Practitioners of the ancient science of yoga have long contended that you don’t have to be a Hindu, in the conventional sense, to practise yoga, even though its origins lie in India. Renowned spiritual teacher, author, social reformer, educationist and global speaker Sri M goes a step further in this new and path-breaking book—he proves that, let alone belonging to a particular religion, one doesn’t even need to believe in God to be a true yogi. One of the best-known Vedantic scholars of our times, he draws on his deep knowledge of ancient Indian scriptures to prove that the godless are as capable as the God-inspired of reaching the pinnacle of self-realisation and bliss through yoga.
Based on a profound understanding of Patanjali’s Yoga Sutras, this is a step-by-step guide to the theory and practice of yoga for those who seek to know it better, and also for the young and the millennial, who may be stepping out for the first time. In lucid prose, with photographs for visual aid, Sri M takes us through the most complex notions of breath, body and posture with admirable brevity and clarity.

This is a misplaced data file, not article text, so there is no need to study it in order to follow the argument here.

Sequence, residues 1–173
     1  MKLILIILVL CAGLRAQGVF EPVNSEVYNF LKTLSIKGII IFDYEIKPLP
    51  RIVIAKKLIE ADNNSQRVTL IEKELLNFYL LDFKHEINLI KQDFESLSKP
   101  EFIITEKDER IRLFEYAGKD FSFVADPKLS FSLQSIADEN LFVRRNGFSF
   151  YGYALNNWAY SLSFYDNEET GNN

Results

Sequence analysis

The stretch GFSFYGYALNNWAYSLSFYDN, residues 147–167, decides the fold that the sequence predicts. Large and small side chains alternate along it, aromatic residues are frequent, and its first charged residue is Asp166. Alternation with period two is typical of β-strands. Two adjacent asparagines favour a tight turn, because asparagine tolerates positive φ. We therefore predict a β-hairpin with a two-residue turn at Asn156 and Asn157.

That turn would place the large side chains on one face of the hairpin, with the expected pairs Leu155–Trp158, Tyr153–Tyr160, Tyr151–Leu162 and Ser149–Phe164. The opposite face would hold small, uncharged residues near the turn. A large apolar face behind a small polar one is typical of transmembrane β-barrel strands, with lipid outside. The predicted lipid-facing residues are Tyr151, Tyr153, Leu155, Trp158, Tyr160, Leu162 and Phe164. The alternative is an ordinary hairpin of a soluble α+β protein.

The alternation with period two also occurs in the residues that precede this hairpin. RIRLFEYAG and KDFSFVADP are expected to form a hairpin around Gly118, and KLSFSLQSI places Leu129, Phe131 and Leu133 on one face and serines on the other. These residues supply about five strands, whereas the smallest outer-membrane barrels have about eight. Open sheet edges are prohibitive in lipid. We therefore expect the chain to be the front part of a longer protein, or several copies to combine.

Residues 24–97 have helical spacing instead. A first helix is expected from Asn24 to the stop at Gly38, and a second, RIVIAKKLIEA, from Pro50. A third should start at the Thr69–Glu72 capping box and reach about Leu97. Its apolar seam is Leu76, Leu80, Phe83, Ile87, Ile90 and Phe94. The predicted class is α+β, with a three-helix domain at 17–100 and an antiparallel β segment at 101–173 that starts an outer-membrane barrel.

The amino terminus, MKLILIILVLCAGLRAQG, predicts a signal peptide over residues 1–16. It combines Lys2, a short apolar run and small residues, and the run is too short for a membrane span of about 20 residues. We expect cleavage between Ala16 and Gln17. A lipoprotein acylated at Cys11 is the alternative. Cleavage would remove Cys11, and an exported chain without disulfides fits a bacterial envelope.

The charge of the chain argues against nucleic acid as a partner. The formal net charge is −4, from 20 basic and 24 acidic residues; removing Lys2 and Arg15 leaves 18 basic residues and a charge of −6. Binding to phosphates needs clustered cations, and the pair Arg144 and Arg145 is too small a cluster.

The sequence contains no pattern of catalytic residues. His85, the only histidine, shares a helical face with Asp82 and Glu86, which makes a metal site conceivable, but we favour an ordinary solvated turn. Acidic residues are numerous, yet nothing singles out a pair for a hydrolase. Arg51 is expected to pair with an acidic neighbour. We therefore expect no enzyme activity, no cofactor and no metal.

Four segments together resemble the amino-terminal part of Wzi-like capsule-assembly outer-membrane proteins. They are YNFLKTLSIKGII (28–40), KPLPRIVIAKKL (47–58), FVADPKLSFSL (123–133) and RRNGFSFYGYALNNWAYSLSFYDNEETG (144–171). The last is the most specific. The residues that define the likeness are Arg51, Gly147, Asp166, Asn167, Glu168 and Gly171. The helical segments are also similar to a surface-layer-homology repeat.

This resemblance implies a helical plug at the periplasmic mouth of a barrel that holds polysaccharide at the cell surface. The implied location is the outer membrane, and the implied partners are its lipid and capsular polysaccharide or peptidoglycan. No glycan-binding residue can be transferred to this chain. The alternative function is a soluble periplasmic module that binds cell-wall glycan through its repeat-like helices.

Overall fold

If you read one book on the subject of yoga, this is the one to choose.
‘This book is meant precisely to change misunderstood notions about yoga, while serving as a practical guide to practise yoga to perfection, without the “God crutch”. You will understand that ancient yoga philosophy has almost no interest in the concept of a creator or an all-powerful God, who controls you and throws you into heaven or hell according to his whims and fancies.
Even the great Patanjali, considered the foremost and earliest exponent of systematic yoga, in his masterpiece, The Yoga Sutras, uses Ishwara (God) only twice in the entire text and only as a useful adjunct to the main practices. Whether Patanjali’s Ishwara denotes an omnipotent “thundering God” or the tranquil Purusha of Sankhya philosophy is an age-old question that needs a healthy debate. We will look into these and other points of view because to practise yoga well, an understanding of its philosophical roots is important. Lastly, this book is an attempt to save the purity of yoga from being adulterated by religious cults and politico-religious outfits keen to exploit the masses and use them to their advantage.’ –from the Introduction